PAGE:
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Elephantine Island in Aswan

Elephantine Island, which got its name because of how it looks like a standing elephant in the water or, as some might say, an elephant tusk, offers a range of attractions for anyone visiting the lovely city of Aswan.

Where exactly is Elephantine Island?

Elephantine Island, along with some of its neighboring islands, can be seen from the west bank hillside along the Nile River. It is situated just downstream from the first cataract in the Nile, on the border between Upper Egypt and Lower Nubia, and measures a total of 1200 meters from north to south and 400 meters at its widest point.
Elephantine Island can be reached by ferry or using a felucca that can be rented from the Aswan riverbanks.

Elephantine Island in the past

Swenet was a Pharaonic era trading town that used Elephantine Island and the choppy waters of the First Cataract as defense against attack in antiquity, before the city of Aswan was there. It was a crucial trade center where caravans from the south unloaded their goods to be transported north on the river thanks to its advantageous location just below the cataract. Elephantine Island was once a significant hub for the ivory trade, and it supplied granite for the construction of numerous structures in ancient Egypt.

The Temple of Khnum, which dates to the late Pharaonic period, and other partially excavated ruins are all that are left of this Pharaonic settlement on the rest of the island. Aside from the Aswan Museum, the island is home to an ancient Nilometer in the form of steps that lead into the water that were carved out of rock and marked with Arabic, Roman, and Pharaonic numerals. Two Nubian villages that frequently welcome tourists and offer breathtaking scenery along the river are concealed in the middle of the island by palm groves. At its northern end is an opulent hotel called the Movenpick Aswan.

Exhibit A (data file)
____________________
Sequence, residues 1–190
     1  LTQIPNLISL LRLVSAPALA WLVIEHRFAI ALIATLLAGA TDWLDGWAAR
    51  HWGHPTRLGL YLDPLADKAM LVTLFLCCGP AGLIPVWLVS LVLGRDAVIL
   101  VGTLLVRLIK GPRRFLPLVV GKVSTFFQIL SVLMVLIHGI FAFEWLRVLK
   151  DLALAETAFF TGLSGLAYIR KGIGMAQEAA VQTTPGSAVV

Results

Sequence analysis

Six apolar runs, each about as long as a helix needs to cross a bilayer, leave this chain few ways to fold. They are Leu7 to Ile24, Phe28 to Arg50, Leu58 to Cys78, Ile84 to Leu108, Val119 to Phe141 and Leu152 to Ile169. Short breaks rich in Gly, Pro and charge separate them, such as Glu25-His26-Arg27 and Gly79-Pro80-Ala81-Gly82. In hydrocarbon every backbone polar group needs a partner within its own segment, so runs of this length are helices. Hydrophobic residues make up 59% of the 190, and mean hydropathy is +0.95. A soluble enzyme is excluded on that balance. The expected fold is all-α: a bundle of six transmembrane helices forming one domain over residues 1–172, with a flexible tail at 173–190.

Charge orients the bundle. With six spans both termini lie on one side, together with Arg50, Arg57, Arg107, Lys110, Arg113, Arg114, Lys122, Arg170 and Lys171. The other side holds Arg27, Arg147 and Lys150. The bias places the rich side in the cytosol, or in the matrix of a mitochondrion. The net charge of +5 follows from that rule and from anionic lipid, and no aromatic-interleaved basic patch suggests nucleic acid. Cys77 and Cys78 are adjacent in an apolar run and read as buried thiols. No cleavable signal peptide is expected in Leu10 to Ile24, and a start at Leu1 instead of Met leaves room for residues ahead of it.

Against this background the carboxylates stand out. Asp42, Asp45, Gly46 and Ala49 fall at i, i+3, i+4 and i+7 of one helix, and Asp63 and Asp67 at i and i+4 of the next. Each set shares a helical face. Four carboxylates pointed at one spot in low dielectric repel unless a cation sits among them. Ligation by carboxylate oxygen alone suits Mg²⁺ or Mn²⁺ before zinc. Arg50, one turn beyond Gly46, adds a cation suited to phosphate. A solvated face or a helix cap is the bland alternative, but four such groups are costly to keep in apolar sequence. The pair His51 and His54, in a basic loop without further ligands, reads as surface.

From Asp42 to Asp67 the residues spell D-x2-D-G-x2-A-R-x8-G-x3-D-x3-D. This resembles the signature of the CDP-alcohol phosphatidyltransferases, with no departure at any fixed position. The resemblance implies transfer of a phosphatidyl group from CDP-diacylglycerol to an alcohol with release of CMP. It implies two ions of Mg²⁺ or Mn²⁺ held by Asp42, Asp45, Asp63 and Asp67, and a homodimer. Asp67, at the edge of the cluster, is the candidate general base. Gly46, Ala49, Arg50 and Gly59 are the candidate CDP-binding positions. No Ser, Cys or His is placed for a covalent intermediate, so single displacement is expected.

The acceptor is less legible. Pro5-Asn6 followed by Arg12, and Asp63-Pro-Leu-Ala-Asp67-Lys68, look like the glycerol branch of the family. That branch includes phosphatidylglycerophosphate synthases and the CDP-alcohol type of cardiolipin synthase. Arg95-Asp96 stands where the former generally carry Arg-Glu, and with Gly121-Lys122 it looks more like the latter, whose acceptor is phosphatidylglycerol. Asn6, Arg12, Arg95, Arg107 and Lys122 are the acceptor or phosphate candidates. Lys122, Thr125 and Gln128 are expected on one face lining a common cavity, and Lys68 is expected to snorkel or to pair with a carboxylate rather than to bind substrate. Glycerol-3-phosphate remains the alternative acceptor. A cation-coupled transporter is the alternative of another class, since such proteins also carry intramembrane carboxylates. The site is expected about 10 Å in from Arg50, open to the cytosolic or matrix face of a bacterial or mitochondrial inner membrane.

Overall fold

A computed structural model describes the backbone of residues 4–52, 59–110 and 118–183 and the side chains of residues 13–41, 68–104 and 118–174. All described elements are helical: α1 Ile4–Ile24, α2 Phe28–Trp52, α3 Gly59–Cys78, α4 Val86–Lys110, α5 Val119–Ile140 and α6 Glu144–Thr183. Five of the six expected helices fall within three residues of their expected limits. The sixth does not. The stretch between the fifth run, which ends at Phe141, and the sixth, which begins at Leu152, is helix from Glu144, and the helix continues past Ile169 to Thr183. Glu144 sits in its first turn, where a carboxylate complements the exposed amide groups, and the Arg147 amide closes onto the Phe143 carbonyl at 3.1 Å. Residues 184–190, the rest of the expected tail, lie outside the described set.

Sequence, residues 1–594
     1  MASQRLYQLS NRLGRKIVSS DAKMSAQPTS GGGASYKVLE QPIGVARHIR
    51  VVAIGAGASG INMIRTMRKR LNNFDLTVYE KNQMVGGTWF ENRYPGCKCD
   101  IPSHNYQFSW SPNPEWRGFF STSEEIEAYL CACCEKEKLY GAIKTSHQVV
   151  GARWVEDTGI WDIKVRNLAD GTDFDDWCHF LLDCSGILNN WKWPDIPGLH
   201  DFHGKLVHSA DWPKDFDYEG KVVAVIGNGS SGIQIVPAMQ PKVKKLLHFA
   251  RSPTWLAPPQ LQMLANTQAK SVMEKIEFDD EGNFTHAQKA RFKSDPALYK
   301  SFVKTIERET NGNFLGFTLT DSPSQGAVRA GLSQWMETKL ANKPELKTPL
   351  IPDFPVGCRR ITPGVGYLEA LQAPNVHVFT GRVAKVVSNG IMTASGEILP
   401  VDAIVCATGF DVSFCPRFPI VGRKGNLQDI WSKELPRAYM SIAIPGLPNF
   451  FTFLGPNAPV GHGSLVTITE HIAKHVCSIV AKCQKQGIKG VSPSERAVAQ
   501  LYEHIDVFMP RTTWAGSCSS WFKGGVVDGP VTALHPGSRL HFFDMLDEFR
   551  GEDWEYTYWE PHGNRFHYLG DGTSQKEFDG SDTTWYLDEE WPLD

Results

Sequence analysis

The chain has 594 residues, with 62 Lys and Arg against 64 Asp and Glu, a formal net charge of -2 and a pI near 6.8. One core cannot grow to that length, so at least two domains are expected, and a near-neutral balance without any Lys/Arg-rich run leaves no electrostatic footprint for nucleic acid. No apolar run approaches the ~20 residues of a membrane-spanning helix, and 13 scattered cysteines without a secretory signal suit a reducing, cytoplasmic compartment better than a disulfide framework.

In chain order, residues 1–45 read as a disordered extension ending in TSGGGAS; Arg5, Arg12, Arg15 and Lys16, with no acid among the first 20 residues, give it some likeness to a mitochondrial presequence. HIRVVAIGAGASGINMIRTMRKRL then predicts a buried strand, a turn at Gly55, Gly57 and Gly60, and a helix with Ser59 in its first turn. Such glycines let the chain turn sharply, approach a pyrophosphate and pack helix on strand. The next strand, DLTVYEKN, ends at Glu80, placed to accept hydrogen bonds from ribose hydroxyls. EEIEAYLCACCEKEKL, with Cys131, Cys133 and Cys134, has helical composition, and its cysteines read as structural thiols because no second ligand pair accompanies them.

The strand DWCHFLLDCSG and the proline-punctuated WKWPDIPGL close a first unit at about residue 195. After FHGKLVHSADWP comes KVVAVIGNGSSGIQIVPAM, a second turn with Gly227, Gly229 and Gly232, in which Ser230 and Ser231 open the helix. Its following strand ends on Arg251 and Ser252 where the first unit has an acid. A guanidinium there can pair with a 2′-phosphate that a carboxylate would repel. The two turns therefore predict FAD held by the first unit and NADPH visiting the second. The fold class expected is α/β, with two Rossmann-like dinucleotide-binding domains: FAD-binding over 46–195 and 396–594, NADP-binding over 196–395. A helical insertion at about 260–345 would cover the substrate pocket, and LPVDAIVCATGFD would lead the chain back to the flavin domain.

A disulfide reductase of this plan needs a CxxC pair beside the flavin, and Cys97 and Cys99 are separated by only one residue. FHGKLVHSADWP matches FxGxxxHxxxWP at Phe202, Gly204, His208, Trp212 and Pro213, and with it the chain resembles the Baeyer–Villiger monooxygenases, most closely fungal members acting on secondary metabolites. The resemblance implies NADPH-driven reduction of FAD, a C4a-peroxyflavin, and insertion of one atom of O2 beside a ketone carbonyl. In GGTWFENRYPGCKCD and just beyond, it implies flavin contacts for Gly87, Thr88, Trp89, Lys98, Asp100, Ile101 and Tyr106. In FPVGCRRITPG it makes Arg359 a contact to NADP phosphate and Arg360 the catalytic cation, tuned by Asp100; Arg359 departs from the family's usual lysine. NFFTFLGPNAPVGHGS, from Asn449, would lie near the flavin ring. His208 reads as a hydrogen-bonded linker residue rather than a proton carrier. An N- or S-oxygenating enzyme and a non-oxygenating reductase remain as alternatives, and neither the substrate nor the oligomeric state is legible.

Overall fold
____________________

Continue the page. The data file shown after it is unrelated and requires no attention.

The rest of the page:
The Elephantine Island Temples

When Muhammad Ali took control of Egypt and imposed the Muslim faith across its lands, the Temple of Thutmose III and the Amenhotep III were destroyed from their former locations on Elephantine Island.

Around 3000 BC, the Temple of Satet, the island’s first temple, was constructed. Over the following 3000 years, the temple underwent renovations and modifications. Records indicate the existence of a Third Dynasty Egyptian temple dedicated to Khunum, which was completely rebuilt during the Thirty-first Dynasty, just before the Greco-Roman era.

The Nilometer 

Another famous attraction for tourists visiting the Elephantine Island is the Nilometer. It was originally built to measure the Nile’s water levels and clarity during the annual flood season.
Two Nilometers are located on the elephantine island; the most popular one is a corridor Nilometer which is associated with the Temple of Satis being one of the oldest Nilometers in Egypt. 

Jewish involvement

It is known that there was once a Jewish community on Elephantine Island in the fifth century BC. This community practiced polytheism and built and maintained their own temple where sacrifices were made to a variety of deities.

you can have a tour in Elephantine Island in Aswan during your Nile cruise trip between Luxor and Aswan

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